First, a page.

Invergordon RNLI called to respond to Emergency Beacon Signal in Moray Firth
The Volunteer crew were launched this morning by a tasking from UK Coastguard to assist in searching for a vessel which had activated an Emergency Beacon.
The volunteer crew of six left with clear visibility and calm sea state, ideal for making best speed up the Cromarty Firth into the Moray Firth to commence a search for the vessel.
Tasked with a search area down to Chanonry Point for any vessel’s in the area, the crew deployed lookouts and used the lifeboat’s navigational aids to help locate any vessels close by, with Kessock RNLI also tasked to cover the Beauly Firth to Chanonry Point.
With further information being received and communication with owner of the vessel it was found by local Coastguard Teams, berthed securely in Inverness marina and the EPIRB on board.
The UK Coastguard stood the volunteer crew down around 8:00am allowing the lifeboat to return to Invergordon’s West Harbour.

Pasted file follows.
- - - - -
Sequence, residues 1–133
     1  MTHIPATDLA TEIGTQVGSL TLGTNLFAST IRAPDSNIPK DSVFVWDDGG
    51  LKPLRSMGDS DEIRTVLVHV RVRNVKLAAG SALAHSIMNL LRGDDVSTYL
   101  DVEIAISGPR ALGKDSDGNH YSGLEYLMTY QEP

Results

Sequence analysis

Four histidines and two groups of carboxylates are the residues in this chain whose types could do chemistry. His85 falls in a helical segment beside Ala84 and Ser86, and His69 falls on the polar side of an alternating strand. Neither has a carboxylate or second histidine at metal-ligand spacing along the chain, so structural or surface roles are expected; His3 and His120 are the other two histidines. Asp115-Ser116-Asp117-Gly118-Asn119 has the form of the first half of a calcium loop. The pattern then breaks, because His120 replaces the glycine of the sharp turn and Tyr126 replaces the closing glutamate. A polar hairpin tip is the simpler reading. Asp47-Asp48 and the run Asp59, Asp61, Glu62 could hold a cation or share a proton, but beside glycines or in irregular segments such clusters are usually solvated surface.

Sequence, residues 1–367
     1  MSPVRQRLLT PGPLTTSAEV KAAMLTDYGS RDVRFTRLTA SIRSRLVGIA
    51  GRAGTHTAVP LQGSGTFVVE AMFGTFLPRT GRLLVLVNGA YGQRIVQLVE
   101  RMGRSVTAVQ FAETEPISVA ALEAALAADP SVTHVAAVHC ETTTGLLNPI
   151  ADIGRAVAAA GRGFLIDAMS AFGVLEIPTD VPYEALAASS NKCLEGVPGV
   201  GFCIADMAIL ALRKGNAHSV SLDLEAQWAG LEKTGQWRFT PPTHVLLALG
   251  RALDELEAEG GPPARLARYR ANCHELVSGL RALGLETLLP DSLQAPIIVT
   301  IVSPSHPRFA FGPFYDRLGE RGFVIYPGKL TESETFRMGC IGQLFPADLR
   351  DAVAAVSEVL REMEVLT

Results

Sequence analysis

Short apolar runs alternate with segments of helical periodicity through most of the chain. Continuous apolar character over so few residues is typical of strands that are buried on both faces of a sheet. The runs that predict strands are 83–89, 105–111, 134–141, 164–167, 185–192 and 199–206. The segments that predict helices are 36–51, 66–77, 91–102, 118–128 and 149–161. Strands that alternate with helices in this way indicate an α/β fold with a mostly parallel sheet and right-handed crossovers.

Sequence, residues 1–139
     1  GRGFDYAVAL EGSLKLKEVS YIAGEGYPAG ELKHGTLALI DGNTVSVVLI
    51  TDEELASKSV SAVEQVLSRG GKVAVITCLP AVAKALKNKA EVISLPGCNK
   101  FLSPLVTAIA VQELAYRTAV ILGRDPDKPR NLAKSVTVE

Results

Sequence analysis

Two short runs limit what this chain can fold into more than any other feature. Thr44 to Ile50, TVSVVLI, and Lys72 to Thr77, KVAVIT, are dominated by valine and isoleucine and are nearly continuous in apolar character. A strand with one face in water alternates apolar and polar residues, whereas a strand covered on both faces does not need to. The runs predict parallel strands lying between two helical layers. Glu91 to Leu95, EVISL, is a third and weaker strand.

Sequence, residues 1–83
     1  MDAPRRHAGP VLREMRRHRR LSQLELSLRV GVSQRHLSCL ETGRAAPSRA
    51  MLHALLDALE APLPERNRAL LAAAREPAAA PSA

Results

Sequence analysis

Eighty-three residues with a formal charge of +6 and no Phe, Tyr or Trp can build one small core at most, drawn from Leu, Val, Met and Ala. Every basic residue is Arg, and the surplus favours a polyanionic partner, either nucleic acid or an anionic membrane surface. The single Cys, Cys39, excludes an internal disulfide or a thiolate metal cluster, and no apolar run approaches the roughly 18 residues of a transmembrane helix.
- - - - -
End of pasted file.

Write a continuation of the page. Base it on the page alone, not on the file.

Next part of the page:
The lifeboat was back alongside and refuelled and ready for service by 8:30am.
At all times the crew followed the guidance from the RNLI in response to COVID-19.
Key facts about the RNLI
The RNLI charity saves lives at sea. Its volunteers provide a 24-hour search and rescue service around the United Kingdom and Republic of Ireland coasts. The RNLI operates over 238 lifeboat stations in the UK and Ireland and, in a normal year, more than 240 lifeguard units on beaches around the UK and Channel Islands. The RNLI is independent of Coastguard and government and depends on voluntary donations and legacies to maintain its rescue service. Since the RNLI was founded in 1824, its lifeboat crews and lifeguards have saved over 142,700 lives.